The most common grade scheme is the following:

A+  97-100
A    93-96
A-   90-92
B+  87-89
B    83-86
B-   80-82
C+  77-79
C    73-76
C-   70-72
D+  67-69
D    63-66
D-   60-62
F     Below 60

If your school uses a variation of this scheme, then be sure to send a key or explanation sheet attached to each transcript. Failure to do so could cause mis-interpretation of students' results.
 
How does this tie in with GPA?
 
GPA or Grade Point Average is numerical equivalent of all your letter grades totalled and averaged. The numerical equivalents for letter grades are as follows:
A = 4.0
B = 3.0
C = 2.0
D = 1.0
F = 0.0
 
So, in theory if an A is 4.0, an A+ is higher. At some institutions that is the case. To put grades into perspective most graduate schools will require a 3.0 GPA for admission. American public schools set the benchmark at 1.0 for graduation.

 

Every year there are reports of private school students taking their own lives. Suicide casts a terrible pall over any school community. It just seems so pointless, so senseless. Yet, had members of the community acted on the signals the young person was most likely sending, that suicide could have been prevented.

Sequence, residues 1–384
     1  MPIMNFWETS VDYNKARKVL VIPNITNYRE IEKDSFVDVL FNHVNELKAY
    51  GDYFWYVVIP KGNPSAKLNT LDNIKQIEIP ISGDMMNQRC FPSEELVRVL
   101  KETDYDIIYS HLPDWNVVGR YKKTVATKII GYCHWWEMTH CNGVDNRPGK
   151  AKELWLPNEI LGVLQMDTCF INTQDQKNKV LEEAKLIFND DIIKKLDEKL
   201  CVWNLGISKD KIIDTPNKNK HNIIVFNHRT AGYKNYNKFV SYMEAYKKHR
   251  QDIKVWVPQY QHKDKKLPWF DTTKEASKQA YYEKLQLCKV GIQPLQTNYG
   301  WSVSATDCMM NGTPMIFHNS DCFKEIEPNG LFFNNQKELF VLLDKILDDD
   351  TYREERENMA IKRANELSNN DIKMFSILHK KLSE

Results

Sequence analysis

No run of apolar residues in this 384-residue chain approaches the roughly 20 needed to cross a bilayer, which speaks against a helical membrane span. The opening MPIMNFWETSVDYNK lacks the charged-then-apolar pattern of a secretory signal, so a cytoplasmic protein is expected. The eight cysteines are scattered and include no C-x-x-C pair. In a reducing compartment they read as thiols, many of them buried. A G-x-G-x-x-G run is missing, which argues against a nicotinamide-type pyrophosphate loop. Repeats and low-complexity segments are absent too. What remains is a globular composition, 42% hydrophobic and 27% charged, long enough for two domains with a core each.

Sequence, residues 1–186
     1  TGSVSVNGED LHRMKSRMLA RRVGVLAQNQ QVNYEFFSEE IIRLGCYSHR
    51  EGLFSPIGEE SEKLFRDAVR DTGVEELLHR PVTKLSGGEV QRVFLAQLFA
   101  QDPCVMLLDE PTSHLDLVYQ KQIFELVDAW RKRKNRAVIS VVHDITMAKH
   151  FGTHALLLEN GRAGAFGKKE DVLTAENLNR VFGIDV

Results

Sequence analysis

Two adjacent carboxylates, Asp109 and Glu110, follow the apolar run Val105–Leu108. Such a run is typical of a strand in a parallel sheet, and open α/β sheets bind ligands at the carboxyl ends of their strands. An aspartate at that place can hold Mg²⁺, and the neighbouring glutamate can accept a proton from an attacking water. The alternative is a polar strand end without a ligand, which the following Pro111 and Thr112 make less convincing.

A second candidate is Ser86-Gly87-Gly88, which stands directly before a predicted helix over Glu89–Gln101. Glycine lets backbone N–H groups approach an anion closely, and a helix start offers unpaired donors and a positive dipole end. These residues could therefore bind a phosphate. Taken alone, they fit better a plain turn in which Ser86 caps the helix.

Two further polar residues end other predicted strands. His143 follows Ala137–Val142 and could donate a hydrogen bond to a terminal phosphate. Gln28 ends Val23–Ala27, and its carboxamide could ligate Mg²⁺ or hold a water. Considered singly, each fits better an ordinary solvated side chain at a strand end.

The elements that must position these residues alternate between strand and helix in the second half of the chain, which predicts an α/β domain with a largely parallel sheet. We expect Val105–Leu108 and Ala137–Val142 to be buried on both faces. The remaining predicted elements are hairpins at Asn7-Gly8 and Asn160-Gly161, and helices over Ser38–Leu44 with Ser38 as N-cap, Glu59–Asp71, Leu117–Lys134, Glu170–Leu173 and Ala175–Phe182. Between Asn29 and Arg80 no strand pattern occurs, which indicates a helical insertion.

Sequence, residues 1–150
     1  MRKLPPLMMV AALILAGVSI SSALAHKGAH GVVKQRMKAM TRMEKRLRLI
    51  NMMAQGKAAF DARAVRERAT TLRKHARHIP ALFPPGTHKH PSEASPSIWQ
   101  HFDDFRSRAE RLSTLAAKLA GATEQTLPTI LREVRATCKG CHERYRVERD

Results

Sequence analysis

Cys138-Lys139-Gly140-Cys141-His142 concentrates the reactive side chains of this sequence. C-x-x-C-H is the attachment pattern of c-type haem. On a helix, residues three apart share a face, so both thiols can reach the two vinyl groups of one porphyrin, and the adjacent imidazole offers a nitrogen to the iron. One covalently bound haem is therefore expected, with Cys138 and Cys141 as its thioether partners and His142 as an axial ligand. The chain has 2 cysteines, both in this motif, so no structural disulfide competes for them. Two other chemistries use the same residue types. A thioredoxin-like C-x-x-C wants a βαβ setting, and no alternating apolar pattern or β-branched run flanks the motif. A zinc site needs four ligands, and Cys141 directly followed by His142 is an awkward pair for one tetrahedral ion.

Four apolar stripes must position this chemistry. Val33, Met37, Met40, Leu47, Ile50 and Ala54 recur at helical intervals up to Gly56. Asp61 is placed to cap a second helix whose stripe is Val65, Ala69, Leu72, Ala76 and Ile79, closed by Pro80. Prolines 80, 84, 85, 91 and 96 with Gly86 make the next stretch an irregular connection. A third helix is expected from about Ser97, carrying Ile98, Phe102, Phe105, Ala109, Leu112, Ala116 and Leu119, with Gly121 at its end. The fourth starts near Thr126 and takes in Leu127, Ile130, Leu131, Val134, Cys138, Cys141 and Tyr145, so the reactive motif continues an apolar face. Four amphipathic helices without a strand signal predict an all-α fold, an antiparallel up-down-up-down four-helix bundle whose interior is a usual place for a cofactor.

The academic work in private school can be very heavy. The pressures to succeed, to get into the best college, to not let parents and others down combined with the reality of adolescent uncertainities can create a climate for depression. Depression can lead to suicide. But suicide is preventable.
 
Suicide is preventable.
 
Suicide is the 3rd largest killer of young adults between the ages of 15-24. But teen suicide is preventable. You just have to know the warning signs.